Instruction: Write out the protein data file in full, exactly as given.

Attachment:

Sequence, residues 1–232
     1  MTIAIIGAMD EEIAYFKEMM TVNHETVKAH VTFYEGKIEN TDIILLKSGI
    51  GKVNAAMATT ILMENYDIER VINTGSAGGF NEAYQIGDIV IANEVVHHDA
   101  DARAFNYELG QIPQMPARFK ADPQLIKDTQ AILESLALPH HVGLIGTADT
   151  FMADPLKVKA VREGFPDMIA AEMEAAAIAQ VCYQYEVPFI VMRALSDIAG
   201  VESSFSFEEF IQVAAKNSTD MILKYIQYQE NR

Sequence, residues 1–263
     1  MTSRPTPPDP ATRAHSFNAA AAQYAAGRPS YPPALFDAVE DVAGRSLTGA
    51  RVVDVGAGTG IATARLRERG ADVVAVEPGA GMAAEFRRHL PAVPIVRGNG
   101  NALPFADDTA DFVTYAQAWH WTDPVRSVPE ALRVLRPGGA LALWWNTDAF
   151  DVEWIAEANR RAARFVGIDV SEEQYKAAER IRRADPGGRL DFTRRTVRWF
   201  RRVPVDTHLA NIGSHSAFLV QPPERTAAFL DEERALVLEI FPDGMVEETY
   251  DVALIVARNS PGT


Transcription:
Sequence, residues 1–232
     1  MTIAIIGAMD EEIAYFKEMM TVNHETVKAH VTFYEGKIEN TDIILLKSGI
    51  GKVNAAMATT ILMENYDIER VINTGSAGGF NEAYQIGDIV IANEVVHHDA
   101  DARAFNYELG QIPQMPARFK ADPQLIKDTQ AILESLALPH HVGLIGTADT
   151  FMADPLKVKA VREGFPDMIA AEMEAAAIAQ VCYQYEVPFI VMRALSDIAG
   201  VESSFSFEEF IQVAAKNSTD MILKYIQYQE NR

Sequence, residues 1–263
     1  MTSRPTPPDP ATRAHSFNAA AAQYAAGRPS YPPALFDAVE DVAGRSLTGA
    51  RVVDVGAGTG IATARLRERG ADVVAVEPGA GMAAEFRRHL PAVPIVRGNG
   101  NALPFADDTA DFVTYAQAWH WTDPVRSVPE ALRVLRPGGA LALWWNTDAF
   151  DVEWIAEANR RAARFVGIDV SEEQYKAAER IRRADPGGRL DFTRRTVRWF
   201  RRVPVDTHLA NIGSHSAFLV QPPERTAAFL DEERALVLEI FPDGMVEETY
   251  DVALIVARNS PGT